As the “Beer Flu” continues to kill more and more Chinese people, and tens of thousands grow sick, the situation of Mainland China grows more dire by the hour. Serious now, all China’s problems seem to be getting worse quickly. It is a lesson we here in the Fifty States need to take to heart. Beer flu is far from the only one.
According to some reports, the infection and death rate are higher, here in this first two+ months of the “medical emergency” than in a similar period for the Spanish Influenza epidemic of 1918, which ultimately killed 50 million (according to CDC, others claim higher) of 500 million infected, in a world population of just 1.8 billion. That is 10% of infected people – although again, claims are made that actually 20% of those who were infected died. That is one in 5 ill people, while more than a quarter of ALL humans got sick.
Today, with nearly 8 billion people on this lovely planet, a similar infection rate would be 2.2 billion people. China alone has nearly 1.5 billion people – that would mean 420 MILLION Chinese could become sick. Even if modern medical technology could reduce the fatalities from 1 in 10 (or 1 in 5) who get ill down to just 1 in 100, that means potentially 4 million dead in China, and 22 million dead worldwide. (A similar death rate to 1918 would be a staggering 220 to 440 million dead.)
However, that assumes a similar rate of infection. There were no cities of 11 million people ANYWHERE in 1918 – and population densities worldwide have exploded in the last century. People are living more and more crowded together. Even in the West, but especially in China, the rest of East Asia, and South Asia. It isn’t just a matter of more people and the same amount of land. The world has grown far, far more urbanized since 1918.
You can see the results of that in this 10-year-old map of Eastern Asia:
The rest of the world – especially the 3rd World – is little different. If the Beer Flu spreads to countries such as Nigeria or Egypt or Bangladesh, with limited medical resources and crowded conditions, the infection rate may increase exponentially. Instead of a quarter of the population getting ill, it could rise to 50 percent or more.
But let us concentrate (for now) on China. Recent photos of Wuhan itself show a city that is at a complete standstill. A city of 11 million people with virtually NO traffic (vehicular, bicycle, or pedestrian) in the urban core areas. Virtually the only activity in the city is building hospitals (which those who have seen pictures of the interior think are more like hospices than hospitals), and various forms of medical treatment and transportation. Across the nation, industry is retooling to produce emergency equipment like masks and other protective gear, instead of goods to ship to the rest of the world. More than 50 million people now live inside the no-travel quarantine zone, which is expanding daily. In Hong Kong, now virtually sealed off from the Mainland, there is panic over food and other supplies, according to Reuters.
China’s economy is grinding to a halt. Which in turn causes political tensions within the Communist Empire to rise – and rise at a more rapid rate. Accelerating the collapse of the present (Communist) dynasty, just as every previous dynasty has fallen.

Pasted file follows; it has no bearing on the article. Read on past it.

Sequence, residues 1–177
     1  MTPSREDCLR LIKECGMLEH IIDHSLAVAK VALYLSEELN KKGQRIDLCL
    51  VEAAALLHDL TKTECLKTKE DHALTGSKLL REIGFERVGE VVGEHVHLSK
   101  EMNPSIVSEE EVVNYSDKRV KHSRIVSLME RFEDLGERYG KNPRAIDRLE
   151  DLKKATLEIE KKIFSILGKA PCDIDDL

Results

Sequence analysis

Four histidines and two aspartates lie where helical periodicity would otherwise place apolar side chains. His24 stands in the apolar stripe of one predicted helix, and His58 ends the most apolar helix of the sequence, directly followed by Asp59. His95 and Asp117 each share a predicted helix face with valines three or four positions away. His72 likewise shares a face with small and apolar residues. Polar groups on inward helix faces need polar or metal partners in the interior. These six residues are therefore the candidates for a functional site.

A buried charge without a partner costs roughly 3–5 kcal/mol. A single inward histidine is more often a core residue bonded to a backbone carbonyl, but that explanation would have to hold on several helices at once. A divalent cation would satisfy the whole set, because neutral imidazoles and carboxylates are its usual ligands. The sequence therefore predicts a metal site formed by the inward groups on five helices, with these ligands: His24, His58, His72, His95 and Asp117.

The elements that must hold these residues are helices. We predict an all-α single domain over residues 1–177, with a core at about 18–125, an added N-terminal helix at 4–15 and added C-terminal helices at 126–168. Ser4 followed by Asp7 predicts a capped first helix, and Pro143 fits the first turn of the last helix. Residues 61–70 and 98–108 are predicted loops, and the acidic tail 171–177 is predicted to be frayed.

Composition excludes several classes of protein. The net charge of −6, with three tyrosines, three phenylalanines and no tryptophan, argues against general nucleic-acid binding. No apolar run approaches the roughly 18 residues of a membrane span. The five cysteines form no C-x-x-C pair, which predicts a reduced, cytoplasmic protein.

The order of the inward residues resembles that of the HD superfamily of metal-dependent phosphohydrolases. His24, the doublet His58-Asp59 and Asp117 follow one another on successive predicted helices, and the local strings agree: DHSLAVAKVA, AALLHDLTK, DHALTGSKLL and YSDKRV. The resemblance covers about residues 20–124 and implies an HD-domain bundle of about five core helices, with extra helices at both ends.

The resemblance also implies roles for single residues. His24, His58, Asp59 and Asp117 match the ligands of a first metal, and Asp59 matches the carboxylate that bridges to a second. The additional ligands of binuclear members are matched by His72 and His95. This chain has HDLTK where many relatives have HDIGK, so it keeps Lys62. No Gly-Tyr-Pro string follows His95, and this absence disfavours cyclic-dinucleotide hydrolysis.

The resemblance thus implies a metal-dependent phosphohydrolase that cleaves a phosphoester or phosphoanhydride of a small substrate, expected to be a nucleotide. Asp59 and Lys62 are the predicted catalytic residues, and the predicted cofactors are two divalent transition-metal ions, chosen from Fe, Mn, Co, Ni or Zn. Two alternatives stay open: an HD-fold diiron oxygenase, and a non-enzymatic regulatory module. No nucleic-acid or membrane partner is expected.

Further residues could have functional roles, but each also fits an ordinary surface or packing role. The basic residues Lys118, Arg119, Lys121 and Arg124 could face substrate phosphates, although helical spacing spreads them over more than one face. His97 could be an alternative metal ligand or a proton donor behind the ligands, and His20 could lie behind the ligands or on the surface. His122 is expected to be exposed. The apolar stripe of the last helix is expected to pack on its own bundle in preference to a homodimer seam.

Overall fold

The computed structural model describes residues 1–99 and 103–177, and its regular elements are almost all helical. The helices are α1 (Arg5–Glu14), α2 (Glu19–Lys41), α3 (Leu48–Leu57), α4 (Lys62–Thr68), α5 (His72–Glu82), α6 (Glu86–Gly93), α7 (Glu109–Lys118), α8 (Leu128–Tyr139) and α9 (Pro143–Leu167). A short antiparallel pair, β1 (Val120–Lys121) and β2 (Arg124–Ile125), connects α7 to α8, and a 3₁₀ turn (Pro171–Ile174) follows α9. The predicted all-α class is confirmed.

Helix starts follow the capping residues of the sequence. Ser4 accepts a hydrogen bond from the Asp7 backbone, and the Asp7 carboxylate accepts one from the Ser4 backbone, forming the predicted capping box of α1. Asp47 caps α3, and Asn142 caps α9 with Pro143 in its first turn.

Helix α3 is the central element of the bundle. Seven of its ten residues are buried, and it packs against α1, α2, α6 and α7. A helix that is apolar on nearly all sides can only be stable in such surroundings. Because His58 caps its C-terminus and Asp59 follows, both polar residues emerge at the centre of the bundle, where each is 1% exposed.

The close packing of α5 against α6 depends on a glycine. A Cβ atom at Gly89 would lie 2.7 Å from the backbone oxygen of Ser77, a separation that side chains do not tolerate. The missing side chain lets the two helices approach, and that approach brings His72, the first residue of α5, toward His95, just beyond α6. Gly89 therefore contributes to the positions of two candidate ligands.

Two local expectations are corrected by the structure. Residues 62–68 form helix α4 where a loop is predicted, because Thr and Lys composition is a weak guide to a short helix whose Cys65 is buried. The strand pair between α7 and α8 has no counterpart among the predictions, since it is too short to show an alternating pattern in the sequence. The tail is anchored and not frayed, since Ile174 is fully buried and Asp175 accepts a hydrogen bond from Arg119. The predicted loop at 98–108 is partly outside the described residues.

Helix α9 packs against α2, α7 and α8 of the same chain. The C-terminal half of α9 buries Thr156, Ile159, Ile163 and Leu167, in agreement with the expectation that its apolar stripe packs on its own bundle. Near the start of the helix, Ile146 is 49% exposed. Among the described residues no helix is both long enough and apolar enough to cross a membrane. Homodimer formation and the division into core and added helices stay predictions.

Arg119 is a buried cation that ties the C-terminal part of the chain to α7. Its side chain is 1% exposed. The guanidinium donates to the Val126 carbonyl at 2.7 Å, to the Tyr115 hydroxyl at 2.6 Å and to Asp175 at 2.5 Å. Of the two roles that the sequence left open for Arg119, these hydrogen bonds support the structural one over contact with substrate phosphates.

The next map shows why we can (and should) call China an empire.
The vast overextension of credit to fuel the rapid economic expansion – making China a middle-income “developing country” has combined with many other factors. Not just geopolitical ones like topography, climate, and lines of communications. Trump’s so-far successful trade war against China has worked. (American allies AND the domestic front are beginning to benefit from reindustrialization in the Fifty States and more outsourcing to nations like Indonesia, Thailand, the Philippines and India. China has been unable to achieve the “economic miracle” that the Republic of Korea, Taiwan, Malaysia, and Singapore have. And they have severely damaged the brightest spot: Hong Kong.
They are behaving like typical governments, in other words – and especially like Communist and hardshell Socialist countries: Venezuela, Cuba, North Korea, and the like.
Which does not bode well for a successful fight against coronavirus – or whatever other disease or trouble comes along.
As I have already discussed in recent months (see below), China is tottering on the verge of collapse: strange as it is, they are facing two demographic problems: The first is (seemingly illogically) a lack of population – at least of the right age of population. China is getting old – as fast as Japan did in the 1980s, which led to its collapse in the last thirty years. As fast as Europe, and much, much faster than the Fifty States. Its population is getting older (on average) quickly, creating a burden on them and their economy as more and more people are elderly and no long as productive as members of society..
The second is the huge imbalance of sexes in China. A product of the now-abandoned one-child policy and the cultural desire for sons rather than daughters: men now outnumber women significantly. Such imbalances in sex also unbalance society. A surplus of men often results in massive internal unrest AND a tendency to become very aggressive. (A severe imbalance due to high death rates of men in war also creates an unstable society, but usually not as aggressive, unless there is a reason to try and get revenge.)
When combined with the economic, medical, and other social problems, the People’s Republic of China is indeed in very desperate straits. And the rest of the planet needs to be aware and be prepared for it.
The Price of Liberty: Recent Commentary about Red China
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